To Cut Pittsburgh Police Complaints, U.S. Attorney to Train on Civil Rights


In a move aimed at averting lawsuits alleging officer misconduct, Pittsburgh officials are arranging for the U.S. attorney’s office to provide training on civil-rights issues to police academy recruits, the Pittsburgh Post-Gazette reports. In an audit of the city Law Department, Controller Michael Lamb encouraged the city to “continue its efforts to train police personnel to perform to a high standard of professional conduct while both on and off duty to help prevent potential civil rights violations.”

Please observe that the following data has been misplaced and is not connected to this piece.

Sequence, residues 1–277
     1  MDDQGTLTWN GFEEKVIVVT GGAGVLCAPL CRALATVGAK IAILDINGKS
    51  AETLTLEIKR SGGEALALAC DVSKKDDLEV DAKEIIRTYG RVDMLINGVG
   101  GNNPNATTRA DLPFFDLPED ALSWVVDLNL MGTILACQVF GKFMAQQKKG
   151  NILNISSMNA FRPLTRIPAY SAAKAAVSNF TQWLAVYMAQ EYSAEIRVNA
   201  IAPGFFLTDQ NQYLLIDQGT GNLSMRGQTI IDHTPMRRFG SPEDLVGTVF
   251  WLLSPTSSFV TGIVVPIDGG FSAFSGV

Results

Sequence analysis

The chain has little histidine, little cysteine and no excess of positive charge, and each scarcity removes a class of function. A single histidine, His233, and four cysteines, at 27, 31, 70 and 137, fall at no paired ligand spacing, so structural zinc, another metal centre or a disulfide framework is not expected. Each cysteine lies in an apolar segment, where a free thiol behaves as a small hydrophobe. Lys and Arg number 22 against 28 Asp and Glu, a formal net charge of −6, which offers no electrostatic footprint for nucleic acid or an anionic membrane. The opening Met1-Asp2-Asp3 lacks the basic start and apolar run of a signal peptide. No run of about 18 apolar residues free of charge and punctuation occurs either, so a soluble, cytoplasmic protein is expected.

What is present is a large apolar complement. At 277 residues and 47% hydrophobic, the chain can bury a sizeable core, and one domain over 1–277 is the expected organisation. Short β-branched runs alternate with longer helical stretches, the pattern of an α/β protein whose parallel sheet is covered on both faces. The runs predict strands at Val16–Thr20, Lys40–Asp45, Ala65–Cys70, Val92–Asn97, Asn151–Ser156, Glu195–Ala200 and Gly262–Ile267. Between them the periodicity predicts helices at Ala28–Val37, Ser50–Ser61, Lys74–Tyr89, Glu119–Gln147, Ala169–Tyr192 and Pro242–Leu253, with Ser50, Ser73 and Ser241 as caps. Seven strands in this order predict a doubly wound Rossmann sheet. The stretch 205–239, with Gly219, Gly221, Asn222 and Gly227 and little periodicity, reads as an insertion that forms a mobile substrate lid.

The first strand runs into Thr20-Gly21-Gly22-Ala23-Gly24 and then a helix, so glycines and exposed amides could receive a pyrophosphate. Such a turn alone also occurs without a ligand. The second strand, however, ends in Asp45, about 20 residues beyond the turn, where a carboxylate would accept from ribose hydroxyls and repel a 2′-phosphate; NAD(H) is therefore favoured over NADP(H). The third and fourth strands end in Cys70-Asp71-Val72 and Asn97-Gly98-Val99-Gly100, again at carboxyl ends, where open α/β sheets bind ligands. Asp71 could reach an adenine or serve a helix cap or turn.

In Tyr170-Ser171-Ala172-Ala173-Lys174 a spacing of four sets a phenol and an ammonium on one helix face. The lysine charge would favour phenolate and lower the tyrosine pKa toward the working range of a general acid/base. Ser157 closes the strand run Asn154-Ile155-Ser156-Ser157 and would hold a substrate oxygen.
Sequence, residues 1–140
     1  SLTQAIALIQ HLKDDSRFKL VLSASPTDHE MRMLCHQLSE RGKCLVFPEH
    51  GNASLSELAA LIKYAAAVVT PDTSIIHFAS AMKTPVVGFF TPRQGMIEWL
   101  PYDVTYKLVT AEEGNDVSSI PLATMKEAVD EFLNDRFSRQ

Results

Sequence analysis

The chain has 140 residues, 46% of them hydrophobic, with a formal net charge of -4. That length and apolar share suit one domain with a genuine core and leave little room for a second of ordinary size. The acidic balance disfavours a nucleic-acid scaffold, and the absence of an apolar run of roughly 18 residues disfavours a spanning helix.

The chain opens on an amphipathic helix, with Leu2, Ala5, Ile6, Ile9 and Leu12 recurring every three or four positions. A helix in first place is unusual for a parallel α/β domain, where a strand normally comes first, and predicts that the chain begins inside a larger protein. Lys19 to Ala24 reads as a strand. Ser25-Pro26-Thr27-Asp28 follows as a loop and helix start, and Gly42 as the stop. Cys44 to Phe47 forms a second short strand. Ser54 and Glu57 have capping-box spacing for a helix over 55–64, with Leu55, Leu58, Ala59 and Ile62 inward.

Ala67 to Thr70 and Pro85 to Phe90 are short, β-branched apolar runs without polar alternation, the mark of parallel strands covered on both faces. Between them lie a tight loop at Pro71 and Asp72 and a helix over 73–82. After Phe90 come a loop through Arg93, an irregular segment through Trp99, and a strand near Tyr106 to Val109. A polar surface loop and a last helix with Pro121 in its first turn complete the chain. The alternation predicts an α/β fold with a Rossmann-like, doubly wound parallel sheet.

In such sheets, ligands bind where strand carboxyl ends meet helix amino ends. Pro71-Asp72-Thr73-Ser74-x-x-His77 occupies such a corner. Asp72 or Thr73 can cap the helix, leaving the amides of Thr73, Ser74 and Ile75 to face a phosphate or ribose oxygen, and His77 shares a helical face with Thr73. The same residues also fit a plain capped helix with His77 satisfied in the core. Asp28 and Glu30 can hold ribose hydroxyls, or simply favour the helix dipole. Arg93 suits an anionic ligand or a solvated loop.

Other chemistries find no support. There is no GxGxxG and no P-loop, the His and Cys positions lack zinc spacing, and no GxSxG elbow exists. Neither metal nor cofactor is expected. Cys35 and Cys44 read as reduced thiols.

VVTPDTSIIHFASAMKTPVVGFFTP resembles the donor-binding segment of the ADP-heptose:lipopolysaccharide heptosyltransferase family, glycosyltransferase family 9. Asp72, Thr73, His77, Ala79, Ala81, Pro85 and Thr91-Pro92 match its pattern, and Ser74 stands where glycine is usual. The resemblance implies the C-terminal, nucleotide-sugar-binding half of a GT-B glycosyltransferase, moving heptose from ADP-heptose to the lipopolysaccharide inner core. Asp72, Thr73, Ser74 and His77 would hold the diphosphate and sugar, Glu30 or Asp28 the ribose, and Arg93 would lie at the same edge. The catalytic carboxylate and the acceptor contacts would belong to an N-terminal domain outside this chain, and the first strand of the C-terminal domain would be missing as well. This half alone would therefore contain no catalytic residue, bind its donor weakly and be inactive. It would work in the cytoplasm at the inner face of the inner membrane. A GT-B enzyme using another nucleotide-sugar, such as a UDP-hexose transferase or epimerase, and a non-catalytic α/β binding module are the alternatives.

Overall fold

The audit documented 40 civil-rights lawsuits filed against various city departments from Jan. 1, 2009, through June 30, 2011. Twenty-four cases named the police bureau as defendant. Ten of them “were settled in the plaintiffs’ favor” during the 30-month span, the audit said, costing about $4.3 million in settlements or judgments and $20,645 in court-related expenses. The bulk of that money — about $3.8 million — was awarded in a 2009 case involving a man who was wrongfully convicted of rape and served 19 years in prison.

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